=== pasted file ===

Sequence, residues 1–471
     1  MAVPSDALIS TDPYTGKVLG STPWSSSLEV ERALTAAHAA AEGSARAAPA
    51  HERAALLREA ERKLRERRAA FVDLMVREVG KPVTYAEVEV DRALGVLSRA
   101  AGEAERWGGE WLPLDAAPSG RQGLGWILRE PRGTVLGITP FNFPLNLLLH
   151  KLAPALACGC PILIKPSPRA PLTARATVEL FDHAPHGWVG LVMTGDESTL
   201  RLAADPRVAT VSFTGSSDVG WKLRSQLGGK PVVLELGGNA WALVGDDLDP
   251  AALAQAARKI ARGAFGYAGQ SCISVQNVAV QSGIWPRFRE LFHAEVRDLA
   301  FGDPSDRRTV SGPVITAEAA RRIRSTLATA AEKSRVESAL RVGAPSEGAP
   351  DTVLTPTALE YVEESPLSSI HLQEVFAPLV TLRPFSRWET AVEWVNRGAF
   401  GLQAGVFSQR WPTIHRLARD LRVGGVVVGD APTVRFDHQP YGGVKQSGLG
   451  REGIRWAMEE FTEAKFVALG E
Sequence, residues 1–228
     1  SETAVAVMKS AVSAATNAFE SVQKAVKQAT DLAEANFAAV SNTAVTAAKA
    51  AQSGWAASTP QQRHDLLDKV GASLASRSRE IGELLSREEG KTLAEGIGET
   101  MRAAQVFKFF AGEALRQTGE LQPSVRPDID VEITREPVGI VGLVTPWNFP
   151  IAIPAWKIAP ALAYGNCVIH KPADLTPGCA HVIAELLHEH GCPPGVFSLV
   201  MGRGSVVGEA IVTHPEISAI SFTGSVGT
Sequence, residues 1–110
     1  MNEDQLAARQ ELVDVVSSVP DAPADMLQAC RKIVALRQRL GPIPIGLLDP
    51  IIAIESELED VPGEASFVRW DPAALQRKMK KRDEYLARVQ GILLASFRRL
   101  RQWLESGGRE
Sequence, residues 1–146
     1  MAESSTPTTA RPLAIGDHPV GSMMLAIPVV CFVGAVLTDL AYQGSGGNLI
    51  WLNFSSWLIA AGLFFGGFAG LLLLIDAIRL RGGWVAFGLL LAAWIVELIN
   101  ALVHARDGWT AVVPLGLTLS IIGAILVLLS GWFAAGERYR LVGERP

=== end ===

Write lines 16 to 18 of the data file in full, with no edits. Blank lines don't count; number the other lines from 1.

   151  IAIPAWKIAP ALAYGNCVIH KPADLTPGCA HVIAELLHEH GCPPGVFSLV
   201  MGRGSVVGEA IVTHPEISAI SFTGSVGT
Sequence, residues 1–110